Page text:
I Found Love at a Lorde Concert—Just Not the Kind I Was Expecting
The soundtrack of my love life as a full-grown gay man was written by a 21-year-old woman. I’m 35, so this is slightly concerning to my queer confidante. He doesn’t think I need to try to make myself any more available to the Snapchat demo who adorn their faces in cat whiskers and dog snouts. He demanded I “get off Grindr” at a recent Lorde concert in Detroit, rightfully fearing I may end up part of the broken hearts club—been there, done that; he knows—thanks to what Lorde has aptly deemed the “L-O-V-E-L-E-S-S generation.”
My first Lorde concert was a sea of rainbow after a glitter storm; the Motor City’s queer collective appeared to have been summoned by collective Grindr heartbreak, shared interest in defiant Lorde-like dancing, and the New Zealander’s basically perfect album, Melodrama.
Her follow-up to 2013’s Pure Heroine spoke to me as a hopeless romantic who has turned, thanks to our modern dating era (or whatever we’re calling it now) and its ADD culture, into a love cynic.
The frustrating pangs of an opera grad student who won’t commit to in-person hangs but lingers from a distance with Grindr taps and messages, even though he has my actual phone number. Or the “emotionally unavailable” one. Or the one I kissed too soon. Lorde’s Melodrama album actually has nothing to do with these, or any of my latest dating fails. But Lorde knows when it comes to love, I’m the problem, she’s the problem, you’re the problem. We’re all the f'ing problem.
Lorde in concert is a triumph of spirit and solidarity, with hordes of cool people (cool because they also like Lorde) collectively reveling in a wise-beyond-her-years musical mastermind who just last year, in June, released the Modern Love Bible. AT THE AGE OF 21. She wrote an entire anthology on why love’s a little bitch (except when it’s not).
The songs she sung that night in Detroit spoke to 8,000 people who have lived the very deeply felt lyrics Lorde once typed into her iPhone Notes app. In the context of the show, “I think that you might be the same as me, behave abnormally,” a line from the show’s opener, “Homemade Dynamite,” resonated with a fresh sense of unity in a space where queers came to fume together, cry together, and move on together.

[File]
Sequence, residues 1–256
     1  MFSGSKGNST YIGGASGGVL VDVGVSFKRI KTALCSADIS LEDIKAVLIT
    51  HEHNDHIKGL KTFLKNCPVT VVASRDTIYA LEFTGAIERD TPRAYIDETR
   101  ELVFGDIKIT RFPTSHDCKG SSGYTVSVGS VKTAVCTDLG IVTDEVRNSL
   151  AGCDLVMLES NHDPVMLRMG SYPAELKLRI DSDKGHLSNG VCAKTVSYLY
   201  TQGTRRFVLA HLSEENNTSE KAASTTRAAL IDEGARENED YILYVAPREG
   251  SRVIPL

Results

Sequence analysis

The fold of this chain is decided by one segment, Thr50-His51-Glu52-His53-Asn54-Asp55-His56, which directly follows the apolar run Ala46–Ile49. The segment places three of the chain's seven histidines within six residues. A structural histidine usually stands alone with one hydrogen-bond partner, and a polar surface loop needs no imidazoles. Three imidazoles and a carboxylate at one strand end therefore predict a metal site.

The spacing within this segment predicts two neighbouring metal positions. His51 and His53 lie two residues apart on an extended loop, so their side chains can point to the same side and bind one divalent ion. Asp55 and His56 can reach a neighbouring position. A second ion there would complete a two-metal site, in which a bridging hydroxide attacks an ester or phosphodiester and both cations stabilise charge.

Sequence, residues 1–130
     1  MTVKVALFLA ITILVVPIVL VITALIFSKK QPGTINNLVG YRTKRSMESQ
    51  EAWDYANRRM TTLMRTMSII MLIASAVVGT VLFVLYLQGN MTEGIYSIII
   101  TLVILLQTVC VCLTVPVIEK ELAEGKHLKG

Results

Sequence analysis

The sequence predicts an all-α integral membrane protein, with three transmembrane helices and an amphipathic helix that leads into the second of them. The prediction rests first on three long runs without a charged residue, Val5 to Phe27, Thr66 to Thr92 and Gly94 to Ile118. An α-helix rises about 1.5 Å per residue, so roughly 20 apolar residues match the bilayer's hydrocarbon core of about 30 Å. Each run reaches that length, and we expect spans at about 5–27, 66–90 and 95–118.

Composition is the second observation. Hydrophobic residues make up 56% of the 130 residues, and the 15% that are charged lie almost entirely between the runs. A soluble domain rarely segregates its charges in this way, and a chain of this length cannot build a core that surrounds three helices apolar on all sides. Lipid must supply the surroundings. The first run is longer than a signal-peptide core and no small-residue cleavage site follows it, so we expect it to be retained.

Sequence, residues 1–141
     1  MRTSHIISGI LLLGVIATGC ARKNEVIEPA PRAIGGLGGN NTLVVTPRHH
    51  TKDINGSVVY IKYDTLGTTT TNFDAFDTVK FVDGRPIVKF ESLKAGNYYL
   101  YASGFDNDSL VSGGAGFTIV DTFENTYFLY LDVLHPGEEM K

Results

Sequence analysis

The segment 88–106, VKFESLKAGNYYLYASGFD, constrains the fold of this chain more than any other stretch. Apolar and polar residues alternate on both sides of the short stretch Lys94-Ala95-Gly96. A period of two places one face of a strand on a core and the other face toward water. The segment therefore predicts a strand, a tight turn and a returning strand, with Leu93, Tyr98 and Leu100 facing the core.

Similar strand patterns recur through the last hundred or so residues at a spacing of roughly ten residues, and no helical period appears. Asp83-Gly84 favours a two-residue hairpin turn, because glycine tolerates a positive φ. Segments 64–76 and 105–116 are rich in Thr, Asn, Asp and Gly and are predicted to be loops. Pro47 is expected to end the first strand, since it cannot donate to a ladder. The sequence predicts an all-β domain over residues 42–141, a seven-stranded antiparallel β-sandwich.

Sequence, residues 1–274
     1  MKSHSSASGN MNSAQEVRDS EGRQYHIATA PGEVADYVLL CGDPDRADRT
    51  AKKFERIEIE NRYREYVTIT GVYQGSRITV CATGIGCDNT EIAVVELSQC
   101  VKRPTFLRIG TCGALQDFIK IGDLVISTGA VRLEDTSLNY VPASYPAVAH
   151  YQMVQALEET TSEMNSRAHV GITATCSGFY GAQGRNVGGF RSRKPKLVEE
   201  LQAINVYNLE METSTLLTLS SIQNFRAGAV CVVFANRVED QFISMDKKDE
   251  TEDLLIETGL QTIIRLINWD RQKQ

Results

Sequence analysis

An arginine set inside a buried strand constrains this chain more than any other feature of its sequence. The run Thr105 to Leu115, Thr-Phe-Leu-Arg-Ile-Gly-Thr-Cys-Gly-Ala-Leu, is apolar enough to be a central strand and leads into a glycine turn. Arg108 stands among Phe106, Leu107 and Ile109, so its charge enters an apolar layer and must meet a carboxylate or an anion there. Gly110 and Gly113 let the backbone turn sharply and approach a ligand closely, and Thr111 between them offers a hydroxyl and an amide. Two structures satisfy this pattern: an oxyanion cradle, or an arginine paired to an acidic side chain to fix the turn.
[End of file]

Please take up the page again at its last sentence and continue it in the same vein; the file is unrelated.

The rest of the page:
For me, “Supercut” called to mind memories of last year, when I met a man in Palm Springs and took a whirlwind trip to Seattle to see if our budding romance could bud further (it didn’t). Lorde danced on stage, my mind danced back to that bittersweet bop being the theme for the weekend and its every fleeting moment.
“Liability” presents dating woes with even more glaring matter-of-fact clarity: “The truth is I am a toy that people enjoy till all of the tricks don’t work anymore and then they are bored of me.” You know she knows she’s not alone.
Watching queers hang their arms over their friends’ shoulders during “Perfect Places,” with Lorde—again, just 21—lyrically contemplating our endless quest for the magic answer to contentedness in life and love, was pure exhilaration. Affirmation, even. If perfect places are created by those in them, this was such a place.
“But when we’re dancing, I’m alright,” she assured, dancing. Earlier, she performed a cover of Frank Ocean’s own ode to human connection, “Solo,” as if to emphasize the significance of finding our people—or a person. I think I found mine that night, as romantic love and the weight it holds on Melodrama took a backseat to all the other ways—lasting ways—love can blossom. I didn’t know it, however, until I was letting myself feel everything in a mix of freestyling queer men and women, some older than me, most younger. Suddenly, the album’s heartbreak seemed less heartbreaking; here I was in a buoyant not-so-loveless space with people (other Grindr users even!) who’ve all felt Lorde’s pain on her morose elegy “Writer in the Dark” and wandered aimlessly through love, waiting for our green light, and then, yes, kept going.
That night, I came to get my heart broken. But instead, the maddening thought of romantic love evaporated, and loving gestures surrounded me. With the Melodrama album singing me home, I left enveloped in them—dancing, and feeling alright.▼
Chris Azzopardi is the editor of Q Syndicate, the international LGBT wire service. Reach him via his website and on Twitter (@chrisazzopardi).